Reuters | 3 September 2009
Thailand, the world's biggest rice exporter, is cracking down on foreign ownership of its farmland following reports of rich Middle East food importers snapping up vast tracts of land in poorer countries.
The Agriculture Ministry is drafting legislation that would impose new zoning regulations to prevent farm areas across the country from being switched to new purposes, such as exporting to a specific country or region, or to be developed for industries such as tourism, Nikorn Jamnong, adviser to the Agriculture Minister, told Reuters.
Thailand's decade-old Foreign Business Act forbids foreigners from owning a farm business. But critics say there are loopholes. For example, foreigners can participate in joint ventures in which Thais must own at least 51 percent.
Many Thais express concern that those joint ventures will be exploited by Gulf states, which have spent billions of dollars of oil money on buying foreign farmland in recent years in a quest for food security following protests sparked by higher prices and food shortages in the Middle East.
Bahrain-based Islamic bank Al Salam, for instance, signed an agreement with Thai agriculture and food company Charoen Pokphand Foods in June to jointly invest in agricultural businesses.
That raised concerns among Thais whether foreigners would eventually run farm businesses for their own benefit on Thai soil through nominees. This should force the government to tighten its regulations on farm issue, Nikorn said.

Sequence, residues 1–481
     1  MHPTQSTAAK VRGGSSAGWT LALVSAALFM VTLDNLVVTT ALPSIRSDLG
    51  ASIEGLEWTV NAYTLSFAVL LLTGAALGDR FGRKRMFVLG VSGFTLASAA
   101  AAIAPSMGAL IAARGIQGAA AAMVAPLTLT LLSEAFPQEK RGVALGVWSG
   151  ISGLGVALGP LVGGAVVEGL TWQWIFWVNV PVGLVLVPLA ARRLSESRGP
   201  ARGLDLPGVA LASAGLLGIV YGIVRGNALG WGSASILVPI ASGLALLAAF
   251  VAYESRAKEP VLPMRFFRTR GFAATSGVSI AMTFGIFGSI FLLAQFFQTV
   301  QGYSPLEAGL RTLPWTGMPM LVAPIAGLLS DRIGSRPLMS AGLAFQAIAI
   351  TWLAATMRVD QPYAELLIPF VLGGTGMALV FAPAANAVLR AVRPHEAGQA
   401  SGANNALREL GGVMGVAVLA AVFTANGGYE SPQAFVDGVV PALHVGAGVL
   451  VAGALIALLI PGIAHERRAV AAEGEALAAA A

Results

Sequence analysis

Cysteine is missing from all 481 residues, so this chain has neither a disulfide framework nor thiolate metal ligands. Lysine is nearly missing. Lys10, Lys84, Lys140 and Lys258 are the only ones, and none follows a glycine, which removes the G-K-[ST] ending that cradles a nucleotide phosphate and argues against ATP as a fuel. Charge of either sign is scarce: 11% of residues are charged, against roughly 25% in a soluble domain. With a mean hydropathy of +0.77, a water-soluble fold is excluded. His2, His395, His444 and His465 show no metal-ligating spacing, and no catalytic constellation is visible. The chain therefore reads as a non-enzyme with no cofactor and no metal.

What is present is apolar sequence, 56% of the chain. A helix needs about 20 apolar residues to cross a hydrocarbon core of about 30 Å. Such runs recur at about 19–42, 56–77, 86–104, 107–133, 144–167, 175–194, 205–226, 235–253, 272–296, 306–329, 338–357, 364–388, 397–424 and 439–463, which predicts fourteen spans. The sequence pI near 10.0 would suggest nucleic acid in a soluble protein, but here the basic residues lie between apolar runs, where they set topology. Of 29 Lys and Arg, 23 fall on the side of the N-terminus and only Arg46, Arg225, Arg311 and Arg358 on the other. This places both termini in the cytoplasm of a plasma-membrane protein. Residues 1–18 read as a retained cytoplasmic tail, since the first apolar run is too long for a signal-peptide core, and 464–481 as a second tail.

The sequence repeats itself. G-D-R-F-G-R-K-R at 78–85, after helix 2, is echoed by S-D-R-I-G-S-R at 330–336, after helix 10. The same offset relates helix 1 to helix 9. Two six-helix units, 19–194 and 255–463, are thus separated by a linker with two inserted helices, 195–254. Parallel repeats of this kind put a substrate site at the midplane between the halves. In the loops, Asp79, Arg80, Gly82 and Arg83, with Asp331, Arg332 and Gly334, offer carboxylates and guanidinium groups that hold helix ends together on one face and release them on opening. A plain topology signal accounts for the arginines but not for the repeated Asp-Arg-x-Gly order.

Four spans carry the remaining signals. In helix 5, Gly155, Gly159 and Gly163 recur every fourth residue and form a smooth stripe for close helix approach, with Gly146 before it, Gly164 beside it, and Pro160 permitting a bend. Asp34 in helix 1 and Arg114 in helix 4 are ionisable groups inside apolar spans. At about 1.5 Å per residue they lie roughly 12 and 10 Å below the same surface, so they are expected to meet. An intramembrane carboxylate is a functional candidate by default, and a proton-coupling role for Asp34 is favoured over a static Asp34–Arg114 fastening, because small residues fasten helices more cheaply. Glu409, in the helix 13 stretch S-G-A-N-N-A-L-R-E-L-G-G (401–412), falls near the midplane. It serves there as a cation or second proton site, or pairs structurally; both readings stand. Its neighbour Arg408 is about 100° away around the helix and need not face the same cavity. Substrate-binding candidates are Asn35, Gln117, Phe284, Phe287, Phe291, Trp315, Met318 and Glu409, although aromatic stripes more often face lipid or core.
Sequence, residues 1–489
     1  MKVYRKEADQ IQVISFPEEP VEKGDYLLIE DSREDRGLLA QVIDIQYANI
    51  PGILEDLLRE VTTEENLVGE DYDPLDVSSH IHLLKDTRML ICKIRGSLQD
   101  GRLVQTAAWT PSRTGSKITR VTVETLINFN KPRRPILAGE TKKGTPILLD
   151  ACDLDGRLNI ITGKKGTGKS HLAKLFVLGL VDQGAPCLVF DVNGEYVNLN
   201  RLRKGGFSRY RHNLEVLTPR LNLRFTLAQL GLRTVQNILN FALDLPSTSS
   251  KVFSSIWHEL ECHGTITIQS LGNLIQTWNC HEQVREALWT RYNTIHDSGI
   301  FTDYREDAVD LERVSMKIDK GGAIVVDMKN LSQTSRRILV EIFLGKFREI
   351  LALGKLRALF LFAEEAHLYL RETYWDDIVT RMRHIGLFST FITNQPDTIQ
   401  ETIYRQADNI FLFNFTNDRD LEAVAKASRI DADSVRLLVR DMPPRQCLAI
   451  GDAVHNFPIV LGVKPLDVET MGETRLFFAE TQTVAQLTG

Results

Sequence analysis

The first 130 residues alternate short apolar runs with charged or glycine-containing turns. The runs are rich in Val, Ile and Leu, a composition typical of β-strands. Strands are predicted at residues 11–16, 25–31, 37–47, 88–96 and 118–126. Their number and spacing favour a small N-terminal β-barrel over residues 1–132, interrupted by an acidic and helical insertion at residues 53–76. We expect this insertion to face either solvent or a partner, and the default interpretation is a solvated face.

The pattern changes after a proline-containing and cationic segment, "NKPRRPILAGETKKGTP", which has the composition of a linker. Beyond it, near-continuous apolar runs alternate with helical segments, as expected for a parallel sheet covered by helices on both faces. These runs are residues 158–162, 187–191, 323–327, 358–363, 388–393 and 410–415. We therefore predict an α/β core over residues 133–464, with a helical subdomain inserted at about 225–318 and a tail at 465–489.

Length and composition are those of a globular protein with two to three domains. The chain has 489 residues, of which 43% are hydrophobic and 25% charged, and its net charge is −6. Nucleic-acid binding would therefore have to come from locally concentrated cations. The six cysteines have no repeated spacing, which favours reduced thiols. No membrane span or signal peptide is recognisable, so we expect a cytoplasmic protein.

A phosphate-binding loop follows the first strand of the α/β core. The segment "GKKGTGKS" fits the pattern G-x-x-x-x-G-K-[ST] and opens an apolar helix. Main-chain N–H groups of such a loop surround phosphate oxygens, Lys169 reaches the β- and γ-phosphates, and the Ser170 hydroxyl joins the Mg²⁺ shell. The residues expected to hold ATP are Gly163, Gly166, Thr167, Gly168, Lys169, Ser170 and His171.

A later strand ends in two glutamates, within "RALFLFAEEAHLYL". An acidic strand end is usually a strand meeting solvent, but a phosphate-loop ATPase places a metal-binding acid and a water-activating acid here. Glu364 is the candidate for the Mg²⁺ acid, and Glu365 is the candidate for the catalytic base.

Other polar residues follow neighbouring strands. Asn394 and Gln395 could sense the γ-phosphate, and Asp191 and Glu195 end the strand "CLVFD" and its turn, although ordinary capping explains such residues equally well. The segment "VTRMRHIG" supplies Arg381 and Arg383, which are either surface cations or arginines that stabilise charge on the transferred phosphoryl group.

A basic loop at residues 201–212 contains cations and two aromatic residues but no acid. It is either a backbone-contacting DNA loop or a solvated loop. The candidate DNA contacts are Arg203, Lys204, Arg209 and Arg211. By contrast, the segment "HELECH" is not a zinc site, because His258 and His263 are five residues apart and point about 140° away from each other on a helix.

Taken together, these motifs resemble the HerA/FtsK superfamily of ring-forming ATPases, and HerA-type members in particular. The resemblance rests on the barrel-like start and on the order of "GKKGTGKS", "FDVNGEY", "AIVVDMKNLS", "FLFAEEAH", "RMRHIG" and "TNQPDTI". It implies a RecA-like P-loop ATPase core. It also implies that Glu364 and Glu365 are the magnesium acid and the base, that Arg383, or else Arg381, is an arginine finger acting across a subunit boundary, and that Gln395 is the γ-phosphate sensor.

Nikorn said the Agriculture Ministry would press for an amendment to the Foreign Business Act to close any loopholes.
'We have finished drafting,' Nikorn said. Farmers would be allowed to switch to grow other potentially lucrative commodities, according to the draft. The government would set up local sub-committees to oversee what plants are suitable for each area, the draft said.
'The law should be endorsed by the House of Representatives very soon, as the government has a very clear policy that farm businesses are not allowed to be owned by foreigners.'
Thai farms are largely a family-run industry. Individual families or small businesses sell their crop to local millers who then sell the finished product to exporters.'The Foreign Business Act, itself, should be amended and we (the Agriculture Ministry) will propose our intention of the law amendment very soon,' he said. Nikorn said the amendment should include more serious punishment for Thai nominees who help foreigners who take advantage of Thai farmland.